Around The Network: IoT in the ceiling, ‘personal’ UC and DDoS attack sizes

Our hand-picked stories include updates from ZK Research, Network World, SC magazine and more


Taking the network to the Digital Ceiling

When they say the Internet of Everything (IoE), they mean everything — including the ceiling. In a blog entry, Cisco’s Tony Shakib explains how the IoE is driving a massive transformation in smart lighting, and how in the coming years lighting and other building services like heating and cooling will become IP-enabled to help create the Digital Ceiling. Think lighting levels that factor in the light coming in through a window, or heating and cooling that compensates for the actual occupancy of the building – call it unified building services.

Why personal unified communications is the answer

Unified communications is not a new technology, but many would argue neither has it yet to live up to its promised value. According to analyst Zeus Kerravala of ZK Research only 23 per cent of businesses have UC deployed fully across their organizations. Why? One word: complexity. Kerravala argues the answer could be Personal UC, which he describes as the next evolutionary step for UC: a unified and highly personal solution to meet the demands of the mobile workspace, with applications personalized for each user.

Average DDoS attack size is nearly 10 Gbps

Verisign has crunched the numbers for its Distributed Denial-of-Service Trends Report for the fourth quarter of 2014, and the numbers aren’t pretty for network security administrators. According to Verisign, based on attacks it mitigated, the average peak size was 7.39 Gpbs – up 14 per cent over the third quarter. Some 42 per cent of attacks averaged more than 1 Gbps, enough to give any security professional a headache. Hardest hit where IT services, cloud and software as a service providers, according to the report.

Network monitoring as easy as Raspberry Pi

Technology vendor Krika has a new remote network monitoring tool based on Raspberry Pi, the affordable and simple compact computer. A standalone box for network professionals priced around US$252 – including up to five network devices and 10 SMS messages. It connects to a cloud-based services and will automatically enrol IP devices to network access, allowing you to set notification options for if a device drops off the network.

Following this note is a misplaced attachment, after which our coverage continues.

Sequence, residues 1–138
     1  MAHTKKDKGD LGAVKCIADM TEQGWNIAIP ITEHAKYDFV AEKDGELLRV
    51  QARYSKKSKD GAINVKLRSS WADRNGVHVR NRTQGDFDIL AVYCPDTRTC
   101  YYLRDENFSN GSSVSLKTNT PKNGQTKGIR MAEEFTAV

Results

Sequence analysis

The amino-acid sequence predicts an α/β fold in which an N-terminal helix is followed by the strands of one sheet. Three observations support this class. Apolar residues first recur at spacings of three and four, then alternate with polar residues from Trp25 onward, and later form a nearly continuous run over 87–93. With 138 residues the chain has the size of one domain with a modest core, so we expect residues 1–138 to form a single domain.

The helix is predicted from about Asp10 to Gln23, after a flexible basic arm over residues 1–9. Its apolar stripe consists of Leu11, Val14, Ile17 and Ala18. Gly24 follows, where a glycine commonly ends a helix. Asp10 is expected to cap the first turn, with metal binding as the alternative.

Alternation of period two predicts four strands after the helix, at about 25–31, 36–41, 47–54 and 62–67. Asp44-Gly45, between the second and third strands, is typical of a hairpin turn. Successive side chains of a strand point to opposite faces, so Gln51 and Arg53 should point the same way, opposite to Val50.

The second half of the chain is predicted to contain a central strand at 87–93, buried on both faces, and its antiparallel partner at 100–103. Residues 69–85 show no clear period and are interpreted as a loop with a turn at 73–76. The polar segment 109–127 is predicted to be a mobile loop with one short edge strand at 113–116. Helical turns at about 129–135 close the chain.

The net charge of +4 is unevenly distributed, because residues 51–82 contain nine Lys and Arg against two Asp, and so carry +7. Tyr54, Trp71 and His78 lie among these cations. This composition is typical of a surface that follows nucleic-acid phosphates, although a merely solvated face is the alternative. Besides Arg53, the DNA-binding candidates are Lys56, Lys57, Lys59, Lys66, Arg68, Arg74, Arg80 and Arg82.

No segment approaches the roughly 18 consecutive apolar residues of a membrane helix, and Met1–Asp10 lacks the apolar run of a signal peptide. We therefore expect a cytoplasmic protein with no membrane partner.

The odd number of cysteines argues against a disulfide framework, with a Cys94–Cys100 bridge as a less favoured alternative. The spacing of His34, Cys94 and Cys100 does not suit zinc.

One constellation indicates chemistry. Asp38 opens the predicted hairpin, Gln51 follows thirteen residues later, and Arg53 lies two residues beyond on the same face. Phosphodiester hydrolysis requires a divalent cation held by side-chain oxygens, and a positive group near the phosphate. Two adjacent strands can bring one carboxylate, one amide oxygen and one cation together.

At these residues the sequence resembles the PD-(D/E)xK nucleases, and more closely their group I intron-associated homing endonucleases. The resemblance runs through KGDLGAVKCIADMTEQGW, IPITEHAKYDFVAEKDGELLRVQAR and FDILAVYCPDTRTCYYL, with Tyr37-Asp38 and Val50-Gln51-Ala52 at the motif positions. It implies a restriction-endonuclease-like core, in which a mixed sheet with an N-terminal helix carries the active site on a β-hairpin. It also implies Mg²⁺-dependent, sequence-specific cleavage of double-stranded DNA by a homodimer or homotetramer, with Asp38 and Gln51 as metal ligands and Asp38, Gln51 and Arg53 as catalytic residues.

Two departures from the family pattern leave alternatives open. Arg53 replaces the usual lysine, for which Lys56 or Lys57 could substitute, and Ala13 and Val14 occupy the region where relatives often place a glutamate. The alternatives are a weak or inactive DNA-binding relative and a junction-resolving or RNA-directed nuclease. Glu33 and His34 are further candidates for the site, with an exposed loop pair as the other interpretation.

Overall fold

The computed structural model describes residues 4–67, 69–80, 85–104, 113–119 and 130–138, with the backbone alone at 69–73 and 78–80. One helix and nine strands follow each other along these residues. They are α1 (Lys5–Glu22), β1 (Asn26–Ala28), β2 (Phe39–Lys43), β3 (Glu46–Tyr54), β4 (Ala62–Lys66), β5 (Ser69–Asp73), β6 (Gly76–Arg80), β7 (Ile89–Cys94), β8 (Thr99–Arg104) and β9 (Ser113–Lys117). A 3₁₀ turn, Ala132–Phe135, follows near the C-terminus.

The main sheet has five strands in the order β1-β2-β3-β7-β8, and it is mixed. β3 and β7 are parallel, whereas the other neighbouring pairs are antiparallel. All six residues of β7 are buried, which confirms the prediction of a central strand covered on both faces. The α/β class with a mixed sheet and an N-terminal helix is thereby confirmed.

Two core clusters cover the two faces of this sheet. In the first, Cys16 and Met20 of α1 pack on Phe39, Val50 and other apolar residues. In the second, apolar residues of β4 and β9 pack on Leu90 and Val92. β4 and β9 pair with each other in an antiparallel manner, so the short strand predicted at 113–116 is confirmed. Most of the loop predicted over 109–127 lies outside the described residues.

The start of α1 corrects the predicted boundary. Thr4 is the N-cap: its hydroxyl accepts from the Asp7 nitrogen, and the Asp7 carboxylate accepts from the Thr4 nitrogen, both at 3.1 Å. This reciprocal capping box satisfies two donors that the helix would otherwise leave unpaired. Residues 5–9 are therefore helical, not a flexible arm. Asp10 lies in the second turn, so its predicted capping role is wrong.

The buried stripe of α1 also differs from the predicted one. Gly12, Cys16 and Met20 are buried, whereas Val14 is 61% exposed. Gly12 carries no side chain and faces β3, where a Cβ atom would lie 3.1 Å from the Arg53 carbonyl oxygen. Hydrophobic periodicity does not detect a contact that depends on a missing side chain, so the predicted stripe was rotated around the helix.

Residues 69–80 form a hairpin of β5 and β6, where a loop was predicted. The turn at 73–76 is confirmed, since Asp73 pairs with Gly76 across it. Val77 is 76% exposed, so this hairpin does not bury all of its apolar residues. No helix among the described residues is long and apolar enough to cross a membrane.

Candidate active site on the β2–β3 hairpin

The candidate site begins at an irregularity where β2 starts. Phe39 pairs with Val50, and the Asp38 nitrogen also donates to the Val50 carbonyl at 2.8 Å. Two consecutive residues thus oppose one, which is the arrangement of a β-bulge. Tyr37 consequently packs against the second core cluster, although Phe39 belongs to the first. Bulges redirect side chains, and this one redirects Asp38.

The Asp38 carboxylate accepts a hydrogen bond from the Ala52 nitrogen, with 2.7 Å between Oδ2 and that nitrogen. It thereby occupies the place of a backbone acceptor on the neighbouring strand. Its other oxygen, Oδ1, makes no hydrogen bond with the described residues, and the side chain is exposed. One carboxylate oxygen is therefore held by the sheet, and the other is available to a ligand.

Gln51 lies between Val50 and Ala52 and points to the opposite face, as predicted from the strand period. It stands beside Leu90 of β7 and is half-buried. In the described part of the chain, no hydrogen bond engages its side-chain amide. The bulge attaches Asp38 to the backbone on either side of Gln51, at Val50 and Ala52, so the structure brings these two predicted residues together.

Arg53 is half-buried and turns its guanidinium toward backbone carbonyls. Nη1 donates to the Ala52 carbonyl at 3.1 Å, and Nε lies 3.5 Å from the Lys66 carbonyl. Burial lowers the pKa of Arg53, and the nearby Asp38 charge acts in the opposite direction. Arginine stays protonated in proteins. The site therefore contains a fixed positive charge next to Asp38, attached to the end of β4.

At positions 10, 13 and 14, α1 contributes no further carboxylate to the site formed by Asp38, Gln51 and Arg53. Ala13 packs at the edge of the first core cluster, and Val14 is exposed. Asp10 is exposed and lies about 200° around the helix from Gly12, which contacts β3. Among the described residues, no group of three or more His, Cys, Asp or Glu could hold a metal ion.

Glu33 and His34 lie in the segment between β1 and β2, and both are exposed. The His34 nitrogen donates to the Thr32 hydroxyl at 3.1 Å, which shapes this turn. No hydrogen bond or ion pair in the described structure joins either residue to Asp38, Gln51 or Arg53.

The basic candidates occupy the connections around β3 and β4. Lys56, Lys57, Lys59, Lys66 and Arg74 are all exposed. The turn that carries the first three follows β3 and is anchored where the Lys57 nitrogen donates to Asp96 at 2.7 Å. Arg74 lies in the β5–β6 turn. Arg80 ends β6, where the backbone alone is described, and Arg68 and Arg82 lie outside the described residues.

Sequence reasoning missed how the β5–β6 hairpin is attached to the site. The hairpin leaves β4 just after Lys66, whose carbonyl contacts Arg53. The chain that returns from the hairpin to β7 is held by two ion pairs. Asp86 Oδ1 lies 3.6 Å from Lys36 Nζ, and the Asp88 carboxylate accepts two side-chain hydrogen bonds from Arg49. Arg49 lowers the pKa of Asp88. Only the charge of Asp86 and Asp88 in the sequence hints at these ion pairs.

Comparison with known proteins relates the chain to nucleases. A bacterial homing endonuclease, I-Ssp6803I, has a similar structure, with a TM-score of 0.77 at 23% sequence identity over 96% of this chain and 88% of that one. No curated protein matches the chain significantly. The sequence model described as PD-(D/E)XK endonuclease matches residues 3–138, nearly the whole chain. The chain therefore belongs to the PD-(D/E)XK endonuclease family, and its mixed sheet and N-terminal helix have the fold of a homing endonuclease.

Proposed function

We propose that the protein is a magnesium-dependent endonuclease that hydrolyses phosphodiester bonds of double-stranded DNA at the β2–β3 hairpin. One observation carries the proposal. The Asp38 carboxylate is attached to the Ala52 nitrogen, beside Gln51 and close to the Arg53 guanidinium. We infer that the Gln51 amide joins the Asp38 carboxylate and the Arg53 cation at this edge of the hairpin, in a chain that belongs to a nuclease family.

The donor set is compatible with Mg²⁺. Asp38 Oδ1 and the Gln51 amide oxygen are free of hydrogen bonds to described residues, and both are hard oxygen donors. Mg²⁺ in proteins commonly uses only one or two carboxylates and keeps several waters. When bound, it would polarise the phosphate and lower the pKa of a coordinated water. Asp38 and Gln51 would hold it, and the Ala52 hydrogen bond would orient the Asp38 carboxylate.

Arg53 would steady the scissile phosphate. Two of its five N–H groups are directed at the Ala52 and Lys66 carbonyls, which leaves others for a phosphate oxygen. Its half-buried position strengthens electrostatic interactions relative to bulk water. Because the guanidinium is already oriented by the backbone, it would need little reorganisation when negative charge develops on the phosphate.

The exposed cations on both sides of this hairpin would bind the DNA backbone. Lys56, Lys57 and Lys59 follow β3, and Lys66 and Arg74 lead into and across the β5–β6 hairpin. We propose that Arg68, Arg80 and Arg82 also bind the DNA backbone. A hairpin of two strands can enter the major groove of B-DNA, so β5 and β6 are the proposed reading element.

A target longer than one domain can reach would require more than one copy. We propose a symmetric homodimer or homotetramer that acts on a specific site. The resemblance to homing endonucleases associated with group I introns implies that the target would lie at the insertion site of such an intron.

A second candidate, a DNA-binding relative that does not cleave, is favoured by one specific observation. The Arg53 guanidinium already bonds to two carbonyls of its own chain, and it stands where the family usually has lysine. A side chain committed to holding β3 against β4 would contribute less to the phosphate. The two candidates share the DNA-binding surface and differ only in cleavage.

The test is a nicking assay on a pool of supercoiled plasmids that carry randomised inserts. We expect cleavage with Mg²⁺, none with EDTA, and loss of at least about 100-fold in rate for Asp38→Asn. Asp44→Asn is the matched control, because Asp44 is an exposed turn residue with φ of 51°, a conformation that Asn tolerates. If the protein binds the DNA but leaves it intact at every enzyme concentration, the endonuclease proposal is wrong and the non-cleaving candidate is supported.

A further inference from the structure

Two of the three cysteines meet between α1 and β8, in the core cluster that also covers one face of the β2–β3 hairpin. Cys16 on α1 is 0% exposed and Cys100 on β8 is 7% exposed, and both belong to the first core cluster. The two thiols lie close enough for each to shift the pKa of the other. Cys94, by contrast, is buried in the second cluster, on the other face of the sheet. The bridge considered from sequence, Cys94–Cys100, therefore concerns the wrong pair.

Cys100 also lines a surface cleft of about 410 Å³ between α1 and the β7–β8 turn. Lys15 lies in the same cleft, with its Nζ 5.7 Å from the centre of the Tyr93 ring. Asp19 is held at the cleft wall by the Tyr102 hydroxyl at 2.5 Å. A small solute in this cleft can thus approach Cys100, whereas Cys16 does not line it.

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What Canada needs to get back on the ‘innovation leaderboard’

The Centre of Excellence in Next Generation Networks (CENGN) brought its travelling road show to Toronto recently, and executives from some of Canada’s major telecom companies had candidate comments about the state of our country’s IT sector. Among the pain points mentioned were Canadian IT talent going overseas in search of opportunity and balancing customer desire for high-speed, low-cost technology.

After you deploy SIP trunking, there’s another critical purchasing decision

Looking for the best enterprise session border controller to manage your SIP services and their unified communications systems? You’ll want to read this primer, with advice from Infonetics Research principal analyst Diane Myers. It’s a crowded market that’s expected to consolidate in the next few years, but Cisco, Oracle, AudioCodes and Sonus Networks are the leaders. Don’t just consider the big players though, she advices. Focus on compatibility over features and pick a solution that’s already tested as compatible.

What Canadian banks should do after reading Forrester’s benchmark report

Canada’s banks need to get better at helping customers, and now just showing them. That’s one of the conclusions of a recent Forrester Research Canadian Online Banking Benchmark report. While Forrester reports the banks are improving, it scored them a collective B-. To improve, they’ll need to get better at not just showing customers things like their bank balance, but providing apps and tools to help them decide why they should do with their money, and why.

‘True patriot love’ may mean collaborating on IT security like the U.S. is doing

United we stand, divided we fall? This may be the new model for cyber security we need to combat increasingly complex and savvy threats. The U.S. government chose the Valentine’s Day period to try to force a little love amongst American companies by essentially mandating a digital neighbourhood watch of information sharing to ward off digital intruders. This may be once case where Canada should consider following the lead of our neighbours to the South.

  1. Cisco Blogs 2. Network World 3. SC Magazine. 4. IT World Canada
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